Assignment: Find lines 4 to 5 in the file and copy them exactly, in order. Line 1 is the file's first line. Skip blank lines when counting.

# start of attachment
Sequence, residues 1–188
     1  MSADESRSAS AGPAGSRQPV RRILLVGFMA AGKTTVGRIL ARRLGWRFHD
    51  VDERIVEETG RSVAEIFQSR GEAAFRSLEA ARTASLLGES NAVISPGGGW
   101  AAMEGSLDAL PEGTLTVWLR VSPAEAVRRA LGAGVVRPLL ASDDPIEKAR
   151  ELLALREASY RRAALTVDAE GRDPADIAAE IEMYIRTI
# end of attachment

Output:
   101  AAMEGSLDAL PEGTLTVWLR VSPAEAVRRA LGAGVVRPLL ASDDPIEKAR
   151  ELLALREASY RRAALTVDAE GRDPADIAAE IEMYIRTI